Sunday, June 12, 2022

Who Benefits from Meritocracy? by Diana Moreira & Santiago Pérez

 Exams for U.S. civil service positions apparently started for some positions in 1883, and here's an NBER working paper that looks at the difference that made in the composition of people hired, by socioeconomic status.

Who Benefits from Meritocracy?  by Diana Moreira & Santiago Pérez

NBER WORKING PAPER 30113 DOI 10.3386/w30113 June 2022

Does screening applicants using exams help or hurt the chances of lower-SES candidates? Because individuals from lower socioeconomic backgrounds fare, on average, worse than those from richer backgrounds in standardized tests, a common concern with this "meritocratic" approach is that it might have a negative impact on the opportunities of lower-SES individuals. However, an alternative view is that, even if such applicants underperformed on exams, other (potentially more discretionary and less impersonal) selection criteria might put them at an even worse disadvantage. We investigate this question using evidence from the 1883 Pendleton Act, a landmark reform in American history which introduced competitive exams to select certain federal employees. Using newly assembled data on the socioeconomic backgrounds of government employees and a difference-in-differences strategy, we find that, although the reform increased the representation of "educated outsiders" (individuals with high education but limited connections), it reduced the share of lower-SES individuals. This decline was driven by a higher representation of the middle class, with little change in the representation of upper-class applicants. The drop in the representation of lower-SES workers was stronger among applicants from states with more unequal access to schooling as well as in offices that relied more heavily on connections prior to the reform. These findings suggest that, although using exams could help select more qualified candidates, these improvements can come with the cost of increased elitism.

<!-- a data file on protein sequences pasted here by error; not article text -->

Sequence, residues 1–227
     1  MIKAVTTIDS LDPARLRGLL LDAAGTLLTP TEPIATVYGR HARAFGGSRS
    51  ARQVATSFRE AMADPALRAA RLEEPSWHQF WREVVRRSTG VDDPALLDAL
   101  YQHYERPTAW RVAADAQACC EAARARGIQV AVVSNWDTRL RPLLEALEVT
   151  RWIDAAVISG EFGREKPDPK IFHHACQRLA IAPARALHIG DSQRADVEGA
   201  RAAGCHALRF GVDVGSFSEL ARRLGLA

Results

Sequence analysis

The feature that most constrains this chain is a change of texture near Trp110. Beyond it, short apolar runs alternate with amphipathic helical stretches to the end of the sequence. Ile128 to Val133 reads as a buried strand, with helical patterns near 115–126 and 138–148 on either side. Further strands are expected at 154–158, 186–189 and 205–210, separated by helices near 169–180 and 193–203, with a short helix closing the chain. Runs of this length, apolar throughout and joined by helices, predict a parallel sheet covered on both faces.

From the conclusions:

"Our findings have implications for the broader debate on exams and meritocracy. Allocating opportunities based on exams is sometimes described as an equity-efficiency panacea, helping select the most qualified candidates while simultaneously increasing the representation of lower SES individuals. Our results challenge this view: although using exams could, in principle, help select more qualified candidates, we show that these improvements can also come with the cost of increased elitism. More generally, our findings show that adopting less discretionary selection criteria might not necessarily help the chances of lower-SES individuals.


"Importantly, while we investigate how exams shaped the social origins of government officials, an important question that remains unanswered is whether the poor themselves were on net made worse off by the reform. The answer to this question is not an obvious one for a variety of reasons. For instance, individuals from disadvantaged backgrounds might benefit the most from having a well-functioning state, even if achieving this efficiency implies that they might lose direct access to government jobs. "


This paper makes me think of an earlier paper, about the historical introduction and then abandonment of a national exam-based school choice system in Japan, where the result of national exams was that urban students filled more of the places...

Friday, February 21, 2020

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